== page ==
Mark Richt isn’t your normal college football coach.
He’s one of the nice guys, according to those in the industry. He’s genuine, forthright and authentic. Those who know say he’s never really embraced the darker side of the game—the sneaky politics and slimy tactics. He’s not to be confused with the coaches who remind you of greasy car salesmen, those who bathe in the muck of an industry that can be downright dirty sometimes.
But on Monday afternoon, Richt, now retired and serving as a TV analyst, did have something in common with his coaching brethren: He is against an NCAA proposal announced Tuesday to allow players once in their college career the chance to transfer and compete immediately at their new school.
“I know, I have an idea,” Richt wrote in a message that immediately went viral, one lambasted by many pro-player media and fans. “You recruit and develop players and when I think they’re good enough I will poach them from your roster! Welcome to what the new normal will look like in college football!”
If the NCAA Division I Council approves the proposal in April, first-time transfers starting in the 2020 academic year would no longer have to endure the long-standing “year-in-residence” in their first season at their new school. The proposal is being fast-tracked. Because it is a “criteria change” to the NCAA waiver process and not a new “rule change,” it can avoid the regular legislative cycle and take effect well before the NCAA convention next January.
The idea of a one-time open transfer has gained steam recently in a time when the NCAA is under attack—from even the highest levels (ahem, Congress)—over players’ rights. This past fall, the Big Ten first proposed the one-time transfer legislation, and the ACC followed Monday with a statement supporting it. However, the vast majority of D-I coaches do not agree, says Todd Berry, the executive director of the American Football Coaches Association.
In fact, coaches have shown “unanimous” opposition to the idea at AFCA conventions for the last three years. And there are three main reasons why, Berry outlines: (1) the freedom to transfer and play immediately could lead to quick, rash decisions players eventually regret; (2) transfers, according to NCAA data, are less likely to graduate than non-transfers; (3) and as Richt points out in his tweet, this proposal pushes college football closer to a free agency, with coaches poaching from one another’s rosters even more than they already do.
“The (rule was originally) put in to keep universities from recruiting off other campuses,” Berry says in an interview with Sports Illustrated on Tuesday. “That would be a reality if all the sudden you said a one-time transfer.” The coaches have been mostly clear on their approach to this idea for a few years, Berry says—they stand against it. Because this is a touchy players’ rights issues, many of them are hesitant to speak on it. That’s where Berry, a former coach himself, comes in.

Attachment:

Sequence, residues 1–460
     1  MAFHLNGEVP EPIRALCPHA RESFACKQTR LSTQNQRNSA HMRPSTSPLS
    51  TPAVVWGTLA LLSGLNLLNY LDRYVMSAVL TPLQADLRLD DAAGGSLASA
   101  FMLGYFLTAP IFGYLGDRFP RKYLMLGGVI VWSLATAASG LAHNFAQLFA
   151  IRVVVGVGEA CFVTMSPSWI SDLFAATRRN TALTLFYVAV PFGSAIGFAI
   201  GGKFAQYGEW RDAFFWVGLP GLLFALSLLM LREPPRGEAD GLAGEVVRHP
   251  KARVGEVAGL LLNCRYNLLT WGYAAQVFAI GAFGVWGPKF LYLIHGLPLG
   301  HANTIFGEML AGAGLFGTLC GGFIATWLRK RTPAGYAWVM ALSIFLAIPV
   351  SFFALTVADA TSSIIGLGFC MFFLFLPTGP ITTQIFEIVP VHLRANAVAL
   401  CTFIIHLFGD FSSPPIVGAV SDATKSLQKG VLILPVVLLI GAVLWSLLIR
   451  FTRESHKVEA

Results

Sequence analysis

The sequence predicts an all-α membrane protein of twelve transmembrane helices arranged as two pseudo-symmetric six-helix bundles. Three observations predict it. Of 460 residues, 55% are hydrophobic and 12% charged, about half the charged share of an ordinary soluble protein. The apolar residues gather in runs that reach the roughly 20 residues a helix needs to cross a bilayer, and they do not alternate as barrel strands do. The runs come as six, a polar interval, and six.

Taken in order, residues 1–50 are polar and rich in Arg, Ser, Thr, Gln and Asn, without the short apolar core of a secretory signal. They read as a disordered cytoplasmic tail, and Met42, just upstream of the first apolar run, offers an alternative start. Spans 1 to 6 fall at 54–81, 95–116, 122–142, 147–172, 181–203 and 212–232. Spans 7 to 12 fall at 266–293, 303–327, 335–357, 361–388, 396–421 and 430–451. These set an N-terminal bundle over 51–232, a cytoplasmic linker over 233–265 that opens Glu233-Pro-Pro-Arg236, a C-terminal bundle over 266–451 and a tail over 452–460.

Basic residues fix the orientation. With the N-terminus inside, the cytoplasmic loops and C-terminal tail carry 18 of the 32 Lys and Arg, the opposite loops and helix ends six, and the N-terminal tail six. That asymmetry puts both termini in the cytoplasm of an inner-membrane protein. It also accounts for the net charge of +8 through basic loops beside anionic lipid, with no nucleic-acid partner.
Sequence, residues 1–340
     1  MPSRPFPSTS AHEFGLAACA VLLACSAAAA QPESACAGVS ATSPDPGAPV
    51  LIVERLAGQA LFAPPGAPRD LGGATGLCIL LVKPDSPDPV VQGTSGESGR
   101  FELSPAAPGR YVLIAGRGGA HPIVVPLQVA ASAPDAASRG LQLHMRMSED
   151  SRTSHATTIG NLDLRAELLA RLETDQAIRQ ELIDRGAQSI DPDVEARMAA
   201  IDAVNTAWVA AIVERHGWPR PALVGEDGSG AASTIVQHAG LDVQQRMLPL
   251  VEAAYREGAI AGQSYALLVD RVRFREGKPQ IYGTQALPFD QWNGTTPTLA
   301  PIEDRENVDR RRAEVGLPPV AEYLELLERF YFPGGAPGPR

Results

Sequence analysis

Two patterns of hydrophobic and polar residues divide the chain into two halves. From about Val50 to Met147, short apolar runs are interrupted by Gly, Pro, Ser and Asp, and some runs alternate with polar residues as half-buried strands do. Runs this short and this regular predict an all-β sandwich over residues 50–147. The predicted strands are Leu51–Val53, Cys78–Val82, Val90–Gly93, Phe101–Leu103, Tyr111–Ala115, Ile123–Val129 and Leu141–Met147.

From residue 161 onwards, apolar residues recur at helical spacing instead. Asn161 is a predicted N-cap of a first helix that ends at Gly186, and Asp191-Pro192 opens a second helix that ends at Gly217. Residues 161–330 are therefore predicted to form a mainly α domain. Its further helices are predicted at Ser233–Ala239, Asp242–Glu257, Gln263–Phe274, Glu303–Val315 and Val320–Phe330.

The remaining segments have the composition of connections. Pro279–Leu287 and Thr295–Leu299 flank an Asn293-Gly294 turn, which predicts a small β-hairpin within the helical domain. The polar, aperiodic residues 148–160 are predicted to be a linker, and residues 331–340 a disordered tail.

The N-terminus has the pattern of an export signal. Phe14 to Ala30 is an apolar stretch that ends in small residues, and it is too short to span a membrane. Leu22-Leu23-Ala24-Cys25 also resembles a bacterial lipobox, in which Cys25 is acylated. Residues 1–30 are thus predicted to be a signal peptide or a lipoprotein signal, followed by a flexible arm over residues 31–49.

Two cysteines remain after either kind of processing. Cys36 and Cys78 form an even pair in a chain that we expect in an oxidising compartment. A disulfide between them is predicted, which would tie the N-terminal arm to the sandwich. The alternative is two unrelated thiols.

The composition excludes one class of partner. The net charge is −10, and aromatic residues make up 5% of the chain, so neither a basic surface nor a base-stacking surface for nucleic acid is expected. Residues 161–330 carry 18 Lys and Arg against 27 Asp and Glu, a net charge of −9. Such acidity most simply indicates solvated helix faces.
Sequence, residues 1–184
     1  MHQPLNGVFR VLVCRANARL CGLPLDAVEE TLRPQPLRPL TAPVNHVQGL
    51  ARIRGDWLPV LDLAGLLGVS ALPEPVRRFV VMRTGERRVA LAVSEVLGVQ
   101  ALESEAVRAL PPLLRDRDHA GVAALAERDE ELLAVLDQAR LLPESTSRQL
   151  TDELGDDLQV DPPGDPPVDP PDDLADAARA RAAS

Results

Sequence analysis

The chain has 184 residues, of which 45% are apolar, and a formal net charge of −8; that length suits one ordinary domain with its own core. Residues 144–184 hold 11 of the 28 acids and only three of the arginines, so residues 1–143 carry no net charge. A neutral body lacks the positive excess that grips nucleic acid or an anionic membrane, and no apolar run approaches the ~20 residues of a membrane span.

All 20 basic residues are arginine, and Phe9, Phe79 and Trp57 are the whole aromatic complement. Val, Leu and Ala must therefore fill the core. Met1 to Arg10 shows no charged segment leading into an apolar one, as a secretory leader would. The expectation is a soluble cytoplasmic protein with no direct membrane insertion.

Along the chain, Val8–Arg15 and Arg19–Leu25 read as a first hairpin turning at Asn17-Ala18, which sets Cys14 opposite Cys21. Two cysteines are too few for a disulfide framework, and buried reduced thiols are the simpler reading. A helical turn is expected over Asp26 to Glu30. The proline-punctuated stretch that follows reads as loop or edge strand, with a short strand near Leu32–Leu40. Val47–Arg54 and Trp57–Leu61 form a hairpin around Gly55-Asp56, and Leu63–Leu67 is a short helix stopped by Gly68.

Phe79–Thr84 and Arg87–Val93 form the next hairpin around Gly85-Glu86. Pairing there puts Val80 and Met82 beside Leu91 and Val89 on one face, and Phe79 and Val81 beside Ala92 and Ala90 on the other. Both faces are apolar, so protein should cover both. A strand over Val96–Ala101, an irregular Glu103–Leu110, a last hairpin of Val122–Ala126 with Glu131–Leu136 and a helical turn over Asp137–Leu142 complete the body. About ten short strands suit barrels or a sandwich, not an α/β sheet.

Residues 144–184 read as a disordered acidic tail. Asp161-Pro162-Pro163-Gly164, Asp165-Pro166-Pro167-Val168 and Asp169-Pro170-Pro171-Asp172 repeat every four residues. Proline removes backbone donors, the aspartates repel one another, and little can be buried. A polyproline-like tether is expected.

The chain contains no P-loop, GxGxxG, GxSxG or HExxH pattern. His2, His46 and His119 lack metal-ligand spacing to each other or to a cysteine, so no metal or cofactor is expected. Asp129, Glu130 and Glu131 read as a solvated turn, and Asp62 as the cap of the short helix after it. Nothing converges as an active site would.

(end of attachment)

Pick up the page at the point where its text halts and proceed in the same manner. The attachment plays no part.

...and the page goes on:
“We’ve been having this discussion for a long period of time. We were engaged and we talked about it every year,” Berry says. “Our head coaches on every level voted on these things. We were unanimous across every level. We’ve had these discussions privately and collectively. This is the feeling and concerns we have. I’ve expressed what the sentiment is as a group.”
Not all coaches are necessarily against it, though. In fact, Michigan coach Jim Harbaugh pitched the proposal through Twitter last summer. “My belief is that a one-time transfer should be allowed for all student-athletes,” Harbaugh wrote in a July tweet.
The NCAA has tied this proposal to its transfer waivers, a subjective process that’s come under fire recently for inconsistencies. A one-time transfer policy could significantly reduce waiver requests, but not all players will be eligible. They must meet four benchmarks to transfer and play immediately: (1) receive a release from their previous school; (2) leave their previous school academically eligible; (3) maintain their academic progress at their new school; and (4) leave under no disciplinary suspension.
While the Big Ten and ACC have made their intentions clear from an administrative level, other leagues have remained somewhat mum. Meanwhile, the coaching community, Berry says, has great concerns. Berry did not expect the NCAA’s announcement on Tuesday. It was something that “shocked” him. A long-discussed matter, he was under the impression that many school and conference officials had for now shelved such a proposal. “Everybody seemed to be on the other side of this coin last summer, but something has happened recently,” he says. “I don’t know what the impetus is in these thoughts changing.”
One thing is certain: Players’ rights have never been a hotter topic. The issue over athlete compensation found its way to Capitol Hill, where last week lawmakers grilled NCAA president Mark Emmert—not only on name, image and likeness, but on a host of other issues that they believe are unfair to players.
The discussion went well beyond compensation. One senator even called for a “far-reaching fundamental reform” to college sports. Another senator held a terse exchange with Emmert on both athlete healthcare and one-year scholarships. Told that a school can choose not to renew a player’s scholarship each year, Sen. John Tester from Montana snapped to Emmert, “That’s a problem.”
Athlete compensation is well on its way to happening. The NCAA plans to release a report in April on changes to its policies to allow players to profit from their name, image and likeness. The one-time transfer rule could complicate matters even more, Berry says. “You go with a one-time transfer and add NIL,” he says, “kids are going to be going for whoever pays them the most money. It’s a real concern for our coaches. You give them the one-time transfer and give them opportunity to negotiate an (endorsement) deal across the spectrum…. it’s free agency.”